‘A Whisker Away 泣きたい私は猫をかぶる’ is an Enchanting Expedition of Self-Discovery
A girl falls in love with a boy from her school, and transforms into a cat to get close to him. But these choices come with consequences, and eventually, the line dividing cat and human becomes vague.
Directors: Junichi Sato, Tomotaka Shibayama
Cast: Mirai Shida, Natsuki Hanae, Hiroaki Ogi
Runtime: 104 minutes
When I heard that Netflix would be releasing a feline-focused anime film, I knew I had to check it out. To say that I love cats would be an understatement. So going into A Whisker Away 泣きたい私は猫をかぶる, I already had a hunch that I would enjoy it, at least for the cats. On top of that however, directors Junichi Sato and Tomotaka Shibayama offer up much more than cat cuteness.
A Whisker Away is a slice of life film that incorporates whimsical fantasy elements. Miyo (Mirai Shida) is a bubbly and seemingly happy-go-lucky student who has a huge crush on her enigmatic classmate, Hinode (Natsuki Hanae). She is head over heels for him, and she is not afraid to show it. It’s nice to see a protagonist who breaks away from the usual portrayal of a timid schoolgirl in front of her crush. Miyo often goes out of her way to get Hinode’s attention, much to her best friend’s frustration, as Hinode doesn’t seem to be interested in her.
Up until this point, it seems like a straightforward teen rom-com. But then we are introduced to a magical world, where humans can become cats and vice versa through masks. To get Hinode’s affection, Miyo transforms herself into her feline alter ego, Taro.
It’s revealed that Miyo’s life isn’t all sunshine and rainbows, and that her merry personality is simply a guise she’s put up after some painful experiences in her life. The metaphorical parallel here is clear, as Miyo eventually decides that it may just be better to remain a cat. The literal translation of the Japanese title, 泣きたい私は猫をかぶる, is actually Wanting to Cry, I Pretend to Be a Cat. After all, life as Miyo is full of facades.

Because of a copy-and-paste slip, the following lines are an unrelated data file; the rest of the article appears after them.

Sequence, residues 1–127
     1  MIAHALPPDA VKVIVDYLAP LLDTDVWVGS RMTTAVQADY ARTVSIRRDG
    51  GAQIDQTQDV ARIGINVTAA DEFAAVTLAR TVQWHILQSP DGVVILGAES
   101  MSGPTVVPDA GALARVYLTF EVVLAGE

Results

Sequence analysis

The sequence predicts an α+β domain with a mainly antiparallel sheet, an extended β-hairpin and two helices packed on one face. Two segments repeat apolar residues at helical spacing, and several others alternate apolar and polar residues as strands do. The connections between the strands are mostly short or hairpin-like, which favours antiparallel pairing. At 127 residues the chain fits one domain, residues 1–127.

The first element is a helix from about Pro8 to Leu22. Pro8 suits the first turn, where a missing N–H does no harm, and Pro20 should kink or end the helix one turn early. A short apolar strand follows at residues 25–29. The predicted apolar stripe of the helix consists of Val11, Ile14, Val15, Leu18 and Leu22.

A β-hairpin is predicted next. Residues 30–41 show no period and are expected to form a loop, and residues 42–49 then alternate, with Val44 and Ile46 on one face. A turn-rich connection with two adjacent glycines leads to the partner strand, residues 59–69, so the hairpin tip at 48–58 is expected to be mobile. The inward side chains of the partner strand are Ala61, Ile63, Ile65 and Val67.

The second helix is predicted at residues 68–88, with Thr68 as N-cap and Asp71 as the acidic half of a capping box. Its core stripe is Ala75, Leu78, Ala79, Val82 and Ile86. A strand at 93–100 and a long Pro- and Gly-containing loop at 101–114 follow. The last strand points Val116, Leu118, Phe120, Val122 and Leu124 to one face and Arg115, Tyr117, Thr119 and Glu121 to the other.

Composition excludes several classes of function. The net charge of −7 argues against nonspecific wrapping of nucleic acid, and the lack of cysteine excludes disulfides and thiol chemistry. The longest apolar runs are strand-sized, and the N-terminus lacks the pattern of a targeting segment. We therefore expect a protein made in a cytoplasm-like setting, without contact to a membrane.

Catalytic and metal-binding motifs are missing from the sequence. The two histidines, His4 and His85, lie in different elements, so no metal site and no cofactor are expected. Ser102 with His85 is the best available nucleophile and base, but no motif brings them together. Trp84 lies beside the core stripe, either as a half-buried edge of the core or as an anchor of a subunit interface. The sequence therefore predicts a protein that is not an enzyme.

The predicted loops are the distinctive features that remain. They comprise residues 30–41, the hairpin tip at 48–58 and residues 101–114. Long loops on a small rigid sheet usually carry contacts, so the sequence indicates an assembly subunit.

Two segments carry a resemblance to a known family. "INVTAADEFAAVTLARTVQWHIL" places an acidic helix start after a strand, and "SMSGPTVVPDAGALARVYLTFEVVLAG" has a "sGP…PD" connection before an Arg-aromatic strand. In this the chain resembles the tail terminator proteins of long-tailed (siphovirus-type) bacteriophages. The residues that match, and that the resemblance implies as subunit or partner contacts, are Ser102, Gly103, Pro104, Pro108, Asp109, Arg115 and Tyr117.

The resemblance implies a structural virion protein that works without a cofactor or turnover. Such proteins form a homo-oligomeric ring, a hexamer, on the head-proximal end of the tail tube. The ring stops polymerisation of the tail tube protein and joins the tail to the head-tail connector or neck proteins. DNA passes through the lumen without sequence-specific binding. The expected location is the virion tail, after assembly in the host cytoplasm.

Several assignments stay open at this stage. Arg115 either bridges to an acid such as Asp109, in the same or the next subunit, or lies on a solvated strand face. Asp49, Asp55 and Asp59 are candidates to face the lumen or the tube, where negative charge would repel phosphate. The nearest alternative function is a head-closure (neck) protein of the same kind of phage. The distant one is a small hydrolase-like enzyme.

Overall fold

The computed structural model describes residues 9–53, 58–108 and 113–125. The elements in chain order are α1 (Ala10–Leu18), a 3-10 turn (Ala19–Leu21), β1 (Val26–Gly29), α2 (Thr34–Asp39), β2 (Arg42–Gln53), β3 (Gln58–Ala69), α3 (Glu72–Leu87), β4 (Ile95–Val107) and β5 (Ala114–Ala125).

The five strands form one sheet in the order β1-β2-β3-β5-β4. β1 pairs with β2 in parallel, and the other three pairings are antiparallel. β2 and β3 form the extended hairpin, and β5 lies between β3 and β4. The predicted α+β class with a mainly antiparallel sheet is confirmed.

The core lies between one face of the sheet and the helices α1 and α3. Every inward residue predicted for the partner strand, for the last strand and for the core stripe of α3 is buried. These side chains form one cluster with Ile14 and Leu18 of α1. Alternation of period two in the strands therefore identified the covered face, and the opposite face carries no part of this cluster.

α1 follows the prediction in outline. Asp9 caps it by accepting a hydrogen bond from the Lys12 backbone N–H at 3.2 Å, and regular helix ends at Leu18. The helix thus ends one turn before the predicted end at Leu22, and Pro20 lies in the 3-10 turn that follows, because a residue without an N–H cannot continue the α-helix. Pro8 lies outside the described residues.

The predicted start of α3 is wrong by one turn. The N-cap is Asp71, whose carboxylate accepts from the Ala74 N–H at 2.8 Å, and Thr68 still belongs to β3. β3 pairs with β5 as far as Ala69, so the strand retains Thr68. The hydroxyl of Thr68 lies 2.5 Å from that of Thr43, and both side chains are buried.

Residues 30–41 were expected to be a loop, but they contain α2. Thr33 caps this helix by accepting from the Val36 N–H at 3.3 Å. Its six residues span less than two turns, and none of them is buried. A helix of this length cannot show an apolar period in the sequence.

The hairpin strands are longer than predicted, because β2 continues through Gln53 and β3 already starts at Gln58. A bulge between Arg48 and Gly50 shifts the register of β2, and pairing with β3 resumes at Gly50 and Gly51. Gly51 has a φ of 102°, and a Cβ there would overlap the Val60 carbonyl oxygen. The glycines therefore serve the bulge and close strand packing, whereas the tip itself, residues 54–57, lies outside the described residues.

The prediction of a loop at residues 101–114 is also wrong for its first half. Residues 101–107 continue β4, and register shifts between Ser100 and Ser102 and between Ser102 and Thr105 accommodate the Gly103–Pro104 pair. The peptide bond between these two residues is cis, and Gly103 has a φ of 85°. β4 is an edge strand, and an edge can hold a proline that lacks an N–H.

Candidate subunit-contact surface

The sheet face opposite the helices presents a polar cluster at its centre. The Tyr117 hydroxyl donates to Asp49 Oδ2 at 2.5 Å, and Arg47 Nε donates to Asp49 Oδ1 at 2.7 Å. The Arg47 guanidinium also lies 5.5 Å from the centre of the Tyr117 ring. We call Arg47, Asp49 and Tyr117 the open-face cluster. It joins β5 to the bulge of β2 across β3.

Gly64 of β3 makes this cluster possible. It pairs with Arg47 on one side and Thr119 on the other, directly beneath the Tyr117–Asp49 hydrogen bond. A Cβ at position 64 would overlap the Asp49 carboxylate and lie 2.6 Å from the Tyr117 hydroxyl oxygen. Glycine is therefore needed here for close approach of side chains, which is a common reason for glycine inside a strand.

It’s a bit worrisome that Miyo’s decision to remain as Taro is seemingly simply for Hinode’s affection, though. But I can overlook this as part of a young girl’s journey to genuine self-discovery. Hinode has become Miyo’s escape mechanism, and she naively thinks that he is the key to her happiness. This is an all too familiar part of growing up, isn’t it? We don’t always know what we want and need in our life, but as we grow, we eventually figure it out.
The emotions that come with growing up and self-discovery can be profound, yet they’re often hard to put into words. The film’s soundtrack, however, captures the essence of such inexplicable feelings perfectly. From heart-fluttering excitement to melancholy, A Whisker Away articulates what can’t be said with music. This is perhaps my favourite aspect of the film, except for the cats, of course.
The film can be a bit on the nose with the lessons it appears to impart its audience – that we don’t always know what someone is going through despite their outward behaviour and appearance. But personally, it’s this simplicity that makes the film enjoyable. It’s an easy and delightful watch. Besides, the rules and dynamics of the human-cat transformation (and vice versa) raises enough questions. This isn’t really explained, and after questioning this for a while, I’ve concluded that that’s just how magic works and I should just take it as it is.
The community of cats is what initially draws you in the film, but it’s the exploration of the universal encounter with self-discovery that keeps you engrossed. A Whisker Away intermingles light-hearted fun with coming-of-age experiences that can be difficult to tackle otherwise. Characters learn how to communicate with each other and reckon with their own emotional pain, all part and parcel of growing up.
A Whisker Away is available for streaming on Netflix.